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‘Lighten Up’ is Ronald Wimberly’s Must-Read Commentary on Race In Comics

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Today, The Nib released a beautiful and evocative comic by cartoonist Ronald Wimberly about race in comics. Wimberly tells the story of how a Marvel editor asked him to change the skin color of a character who had been historically Mexican and African-American. The editor wanted the character's skin tone to be lighter, and in Wimberly's piece he discusses why this is so problematic.

White privilege is absolutely a real thing, and the wide-ranging implications of this editor's request probably never occurred to her. Being an editor at a place like Marvel or DC means putting up with a punishing monthly schedule and many cooks in the same kitchen. Asking an artist to make a color change is pretty routine - and to many editors, this note would seem like a minor request. As Wimberly makes clear in his comic, however, the request has many problems.

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Best Art Ever (This Week): Captain Marvel, Carrie Kelly, Sailor Moon, Hellboy, Star Trek TNG and More

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We make a regular practice at ComicsAlliance of spotlighting particular artists or specific bodies of work, as well as the special qualities of comic book storytelling, but because cartoonists, illustrators and their fans share countless numbers of great pinups, fan art and other illustrations on sites like Flickr, Tumblr, DeviantArt and seemingly infinite art blogs that we’ve created Best Art Ever (This Week), a weekly depository for just some of the pieces of especially compelling artwork that we come across in our regular travels across the Web. Some of it’s new, some of it’s old, some of it’s created by working professionals, some of it’s created by future stars, some of it’s created by talented fans, and some of it’s endearingly silly. All of it is awesome.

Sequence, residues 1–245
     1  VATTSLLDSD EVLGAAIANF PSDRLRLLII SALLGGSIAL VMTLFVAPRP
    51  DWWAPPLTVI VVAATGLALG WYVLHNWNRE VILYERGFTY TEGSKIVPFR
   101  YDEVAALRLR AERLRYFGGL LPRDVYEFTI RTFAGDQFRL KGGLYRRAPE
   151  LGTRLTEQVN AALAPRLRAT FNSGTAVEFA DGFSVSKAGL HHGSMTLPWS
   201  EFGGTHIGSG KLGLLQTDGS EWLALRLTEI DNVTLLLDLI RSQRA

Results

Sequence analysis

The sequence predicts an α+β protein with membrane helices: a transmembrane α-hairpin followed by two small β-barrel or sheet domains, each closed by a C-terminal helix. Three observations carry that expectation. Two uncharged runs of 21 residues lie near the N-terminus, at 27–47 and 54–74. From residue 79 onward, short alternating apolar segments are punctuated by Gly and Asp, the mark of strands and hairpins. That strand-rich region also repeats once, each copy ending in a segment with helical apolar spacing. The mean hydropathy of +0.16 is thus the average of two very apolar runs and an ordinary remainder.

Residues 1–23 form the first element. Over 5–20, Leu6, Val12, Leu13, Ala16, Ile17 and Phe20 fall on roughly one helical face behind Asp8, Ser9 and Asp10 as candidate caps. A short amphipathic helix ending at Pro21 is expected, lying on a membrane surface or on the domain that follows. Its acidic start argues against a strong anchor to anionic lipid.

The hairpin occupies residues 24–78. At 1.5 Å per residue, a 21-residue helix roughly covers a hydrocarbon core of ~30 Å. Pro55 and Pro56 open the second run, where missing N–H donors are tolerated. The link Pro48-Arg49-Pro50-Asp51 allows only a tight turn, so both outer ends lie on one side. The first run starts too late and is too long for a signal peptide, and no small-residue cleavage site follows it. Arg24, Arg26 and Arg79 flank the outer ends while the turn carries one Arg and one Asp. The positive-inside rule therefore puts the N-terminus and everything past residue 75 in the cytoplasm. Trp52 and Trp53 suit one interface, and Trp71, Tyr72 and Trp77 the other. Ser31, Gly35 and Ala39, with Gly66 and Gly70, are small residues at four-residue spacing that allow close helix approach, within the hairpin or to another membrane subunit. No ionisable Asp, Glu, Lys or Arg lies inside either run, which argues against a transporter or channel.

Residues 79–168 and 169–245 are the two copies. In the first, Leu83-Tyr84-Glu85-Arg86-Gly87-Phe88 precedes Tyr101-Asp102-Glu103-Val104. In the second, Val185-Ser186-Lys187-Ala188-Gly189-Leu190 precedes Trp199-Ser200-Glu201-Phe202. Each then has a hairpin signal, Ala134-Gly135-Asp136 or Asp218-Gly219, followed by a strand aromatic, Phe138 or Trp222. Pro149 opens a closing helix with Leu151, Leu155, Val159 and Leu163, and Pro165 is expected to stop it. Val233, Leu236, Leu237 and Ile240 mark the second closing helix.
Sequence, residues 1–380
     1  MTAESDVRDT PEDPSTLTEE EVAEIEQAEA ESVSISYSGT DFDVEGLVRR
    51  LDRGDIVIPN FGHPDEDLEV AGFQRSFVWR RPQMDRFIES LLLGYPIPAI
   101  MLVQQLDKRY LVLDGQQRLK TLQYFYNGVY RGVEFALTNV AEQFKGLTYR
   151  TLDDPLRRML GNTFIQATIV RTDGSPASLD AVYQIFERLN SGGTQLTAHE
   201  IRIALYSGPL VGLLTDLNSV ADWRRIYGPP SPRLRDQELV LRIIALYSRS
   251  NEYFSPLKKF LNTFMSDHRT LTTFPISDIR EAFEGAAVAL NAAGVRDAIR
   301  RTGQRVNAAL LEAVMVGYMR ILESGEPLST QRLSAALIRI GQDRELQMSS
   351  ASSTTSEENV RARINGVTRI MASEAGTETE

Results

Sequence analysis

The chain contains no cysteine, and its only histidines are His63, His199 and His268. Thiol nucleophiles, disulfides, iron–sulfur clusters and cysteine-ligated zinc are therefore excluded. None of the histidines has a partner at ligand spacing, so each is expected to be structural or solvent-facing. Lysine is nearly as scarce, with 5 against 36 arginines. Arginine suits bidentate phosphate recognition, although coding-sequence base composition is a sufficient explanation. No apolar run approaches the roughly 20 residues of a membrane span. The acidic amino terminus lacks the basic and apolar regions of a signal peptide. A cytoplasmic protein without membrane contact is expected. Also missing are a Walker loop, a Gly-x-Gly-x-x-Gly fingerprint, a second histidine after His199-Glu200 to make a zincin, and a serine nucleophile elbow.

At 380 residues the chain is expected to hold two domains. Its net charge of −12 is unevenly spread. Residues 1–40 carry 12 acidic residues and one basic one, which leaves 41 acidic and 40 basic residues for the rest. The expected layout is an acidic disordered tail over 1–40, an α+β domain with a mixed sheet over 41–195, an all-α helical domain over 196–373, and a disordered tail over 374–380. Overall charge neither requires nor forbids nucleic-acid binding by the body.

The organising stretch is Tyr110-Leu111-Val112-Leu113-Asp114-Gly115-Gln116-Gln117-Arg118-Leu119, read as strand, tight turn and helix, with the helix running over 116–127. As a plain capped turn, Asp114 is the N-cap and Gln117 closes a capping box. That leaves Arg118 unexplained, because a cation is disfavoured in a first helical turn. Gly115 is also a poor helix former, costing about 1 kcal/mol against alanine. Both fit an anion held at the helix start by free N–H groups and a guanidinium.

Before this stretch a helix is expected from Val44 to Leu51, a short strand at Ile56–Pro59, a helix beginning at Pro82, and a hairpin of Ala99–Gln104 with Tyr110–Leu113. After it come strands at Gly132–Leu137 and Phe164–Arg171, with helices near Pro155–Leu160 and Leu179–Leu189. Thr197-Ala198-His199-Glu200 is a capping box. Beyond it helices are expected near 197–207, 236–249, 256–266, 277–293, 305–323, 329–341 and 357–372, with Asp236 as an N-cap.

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Best Art Ever (This Week): Kamen Rider, Nexus, Batman ’89, Man Of Steel, Battle of the Planets and More

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We make a regular practice at ComicsAlliance of spotlighting particular artists or specific bodies of work, as well as the special qualities of comic book storytelling, but because cartoonists, illustrators and their fans share countless numbers of great pinups, fan art and other illustrations on sites like Flickr, Tumblr, DeviantArt and seemingly infinite art blogs that we’ve created Best Art Ever (This Week), a weekly depository for just some of the pieces of especially compelling artwork that we come across in our regular travels across the Web. Some of it’s new, some of it’s old, some of it’s created by working professionals, some of it’s created by future stars, some of it’s created by talented fans, and some of it’s endearingly silly. All of it is awesome.

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Best Comic Book Covers Ever (This Month): May 2014

Best Comic Book Covers Ever This Month May 2014

A great comic book cover has a lot of work to do. It’s both an advertisement and a work of art; both a statement and an invitation. Sometimes they convey character, sometimes mood, sometimes moment. Sometimes they pastiche the classics or pay tribute to the past; sometimes they strive to show us something entirely new. Always they show us a glimpse of somewhere else through a canvas no bigger than a window pane. In Best Comic Book Covers Ever (This Month), we look back over some of the most eye-catching, original and exceptional covers of the month that was.

Some familiar cover concepts get inventive new spins in the best covers for the month of May, and we put the spotlight on great work from Dan Panosian, Mike Allred, Ron Wimberly, and Chris Samnee and Matt Wilson.

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Best Art Ever (This Week): H.R. Giger, Batwoman, Street Fighter, Uncle Scrooge, Sonic, Emma Stone and More

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We make a regular practice at ComicsAlliance of spotlighting particular artists or specific bodies of work, as well as the special qualities of comic book storytelling, but because cartoonists, illustrators and their fans share countless numbers of great pinups, fan art and other illustrations on sites like Flickr, Tumblr, DeviantArt and seemingly infinite art blogs that we’ve created Best Art Ever (This Week), a weekly depository for just some of the pieces of especially compelling artwork that we come across in our regular travels across the Web. Some of it’s new, some of it’s old, some of it’s created by working professionals, some of it’s created by future stars, some of it’s created by talented fans, awnd some of it’s endearingly silly. All of it is awesome.